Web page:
Would you like to know a bit more about the world-famous Belgian waffles? If so, you’re in the right place. Not to be confused with potato waffles, these sweet treats have been delighting people across the planet for decades. But where are they really from, and how long have they actually been around? Keep reading this article to find out all that info on more on one of your favourite breakfast treats. And they’re not just for breakfast, either.

Most American waffles are a creation that is based on the Belgian kind but isn’t exactly the same. Things have changed over the years and they have become more “Americanized”. Actually, there isn’t one definitive “Belgian” waffle to copy. There are a number of different types of waffles that all originated from Belgium and nearby areas. Some of these were made popular in different towns. So you can’t really say there’s one type of Belgian waffle that American waffles which call themselves “Belgian” are really based on. They’re more an amalgamation of a number of different waffles made popular in Belgium.

To really start working out why Belgian waffles became so famous and took off around the world, we need to look into their history a little bit. Even if they aren’t exactly like the type of waffle you can find in different towns and cities in Belgian itself, waffles that are called Belgian waffles can now be found all over the world. As with many things, when a food is transported to a new country it develops along with local tastes over the years. Much like how the pizzas created and modernised in New York and Chicago aren’t really that similar to original pizzas, but they are based on the same thing.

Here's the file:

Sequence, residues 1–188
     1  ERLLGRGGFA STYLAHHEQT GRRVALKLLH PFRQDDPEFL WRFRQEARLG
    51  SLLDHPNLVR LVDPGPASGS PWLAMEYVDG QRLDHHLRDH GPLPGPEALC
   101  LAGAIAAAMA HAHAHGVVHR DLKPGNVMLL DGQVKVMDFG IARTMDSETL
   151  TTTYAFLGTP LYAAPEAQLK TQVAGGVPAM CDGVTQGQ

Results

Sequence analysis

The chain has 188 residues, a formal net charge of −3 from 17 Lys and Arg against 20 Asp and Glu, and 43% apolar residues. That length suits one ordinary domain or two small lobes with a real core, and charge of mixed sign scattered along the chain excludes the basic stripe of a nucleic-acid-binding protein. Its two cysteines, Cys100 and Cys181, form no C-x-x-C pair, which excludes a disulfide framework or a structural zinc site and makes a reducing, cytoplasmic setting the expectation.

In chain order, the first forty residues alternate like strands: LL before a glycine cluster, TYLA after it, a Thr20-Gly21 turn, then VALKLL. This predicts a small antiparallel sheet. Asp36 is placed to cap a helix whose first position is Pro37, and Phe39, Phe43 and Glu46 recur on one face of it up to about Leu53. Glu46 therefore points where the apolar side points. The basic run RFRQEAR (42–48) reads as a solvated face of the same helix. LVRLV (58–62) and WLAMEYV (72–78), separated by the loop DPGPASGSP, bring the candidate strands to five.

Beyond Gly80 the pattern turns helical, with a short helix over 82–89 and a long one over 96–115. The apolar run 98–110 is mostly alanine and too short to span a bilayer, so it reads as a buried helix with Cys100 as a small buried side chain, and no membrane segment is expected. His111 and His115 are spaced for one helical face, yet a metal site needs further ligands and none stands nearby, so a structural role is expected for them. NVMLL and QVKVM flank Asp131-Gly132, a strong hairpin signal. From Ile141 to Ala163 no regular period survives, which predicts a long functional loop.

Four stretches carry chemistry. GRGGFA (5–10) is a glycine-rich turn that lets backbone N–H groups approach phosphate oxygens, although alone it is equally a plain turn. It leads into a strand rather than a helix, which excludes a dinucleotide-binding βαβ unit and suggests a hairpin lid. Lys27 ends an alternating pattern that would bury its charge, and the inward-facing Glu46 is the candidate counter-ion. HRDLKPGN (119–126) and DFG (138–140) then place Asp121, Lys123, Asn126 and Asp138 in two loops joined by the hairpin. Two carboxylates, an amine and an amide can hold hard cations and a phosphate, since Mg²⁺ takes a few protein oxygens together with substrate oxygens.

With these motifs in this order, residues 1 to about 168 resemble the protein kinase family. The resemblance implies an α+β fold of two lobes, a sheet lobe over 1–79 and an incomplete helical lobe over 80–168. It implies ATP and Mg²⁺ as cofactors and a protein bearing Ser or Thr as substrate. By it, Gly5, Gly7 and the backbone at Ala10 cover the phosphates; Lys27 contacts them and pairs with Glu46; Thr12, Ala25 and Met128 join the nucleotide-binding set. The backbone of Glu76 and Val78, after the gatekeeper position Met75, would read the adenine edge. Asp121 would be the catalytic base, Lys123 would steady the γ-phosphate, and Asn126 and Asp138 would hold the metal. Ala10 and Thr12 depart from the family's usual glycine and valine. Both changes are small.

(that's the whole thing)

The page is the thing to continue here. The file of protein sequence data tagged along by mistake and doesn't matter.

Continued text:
Well, Belgian waffles first started getting noticed on the world stage in 1958, at the World Fair which was hosted that year in Belgium itself. While they weren’t intended to be one of the main attractions of the fair, they certainly made a big impact and started to build a lasting legacy. A man called Walter Cleyman started serving waffles to visitors and guests inside the World Fair. As the fair welcomed lots of different visitors from around the world, more and more people started to notice and enjoy these waffle creations. Many of the foreign visitors hadn’t seen or tasted anything like them before, so they were quite a hit.

While waffles were known in America, having been transported over years before by previous generations of immigrants—they previously only had syrup on them and the waffles themselves had not been made to the same standard. These delicious, fluffy Belgian waffles tasted great by themselves but were also served with whipped cream, fruit and icing sugar. This was new to many of the visitors, and helped build the popularity of the Belgian waffle. Almost half a million waffles were sold at that year’s World Fair.

Four years later, at the next World Fair in Seattle, Cleyman was invited to sell his waffles once again—thanks to their popularity at the previous Fair. This is where the Belgian waffle really started to take off in popularity on an international stage, as it got noticed more and more in America.